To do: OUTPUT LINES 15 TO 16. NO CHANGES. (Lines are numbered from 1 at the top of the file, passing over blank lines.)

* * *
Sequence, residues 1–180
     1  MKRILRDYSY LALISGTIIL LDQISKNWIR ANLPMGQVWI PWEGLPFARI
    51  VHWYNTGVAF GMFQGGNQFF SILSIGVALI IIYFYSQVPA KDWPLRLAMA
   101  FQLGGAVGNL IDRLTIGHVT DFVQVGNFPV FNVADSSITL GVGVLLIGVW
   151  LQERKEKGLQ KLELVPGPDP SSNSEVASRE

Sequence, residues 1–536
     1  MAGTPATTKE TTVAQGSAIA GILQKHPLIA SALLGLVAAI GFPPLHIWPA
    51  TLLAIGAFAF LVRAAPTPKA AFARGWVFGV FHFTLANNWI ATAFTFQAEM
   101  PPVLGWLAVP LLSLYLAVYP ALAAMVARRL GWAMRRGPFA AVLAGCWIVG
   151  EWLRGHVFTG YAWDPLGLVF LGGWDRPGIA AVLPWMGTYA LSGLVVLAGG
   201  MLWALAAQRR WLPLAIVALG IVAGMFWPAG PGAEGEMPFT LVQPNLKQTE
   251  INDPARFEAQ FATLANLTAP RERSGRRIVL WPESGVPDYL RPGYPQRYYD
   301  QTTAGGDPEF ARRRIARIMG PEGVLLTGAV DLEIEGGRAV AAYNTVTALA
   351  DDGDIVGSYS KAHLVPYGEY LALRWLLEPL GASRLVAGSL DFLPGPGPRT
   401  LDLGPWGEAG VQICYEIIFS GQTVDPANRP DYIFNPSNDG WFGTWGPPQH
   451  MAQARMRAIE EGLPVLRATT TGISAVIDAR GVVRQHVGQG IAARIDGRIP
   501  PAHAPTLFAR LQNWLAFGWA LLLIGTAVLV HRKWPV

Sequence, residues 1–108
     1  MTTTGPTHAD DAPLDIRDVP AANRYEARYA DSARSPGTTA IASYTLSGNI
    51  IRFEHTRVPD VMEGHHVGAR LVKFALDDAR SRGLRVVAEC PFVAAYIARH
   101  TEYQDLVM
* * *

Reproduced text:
   401  LDLGPWGEAG VQICYEIIFS GQTVDPANRP DYIFNPSNDG WFGTWGPPQH
   451  MAQARMRAIE EGLPVLRATT TGISAVIDAR GVVRQHVGQG IAARIDGRIP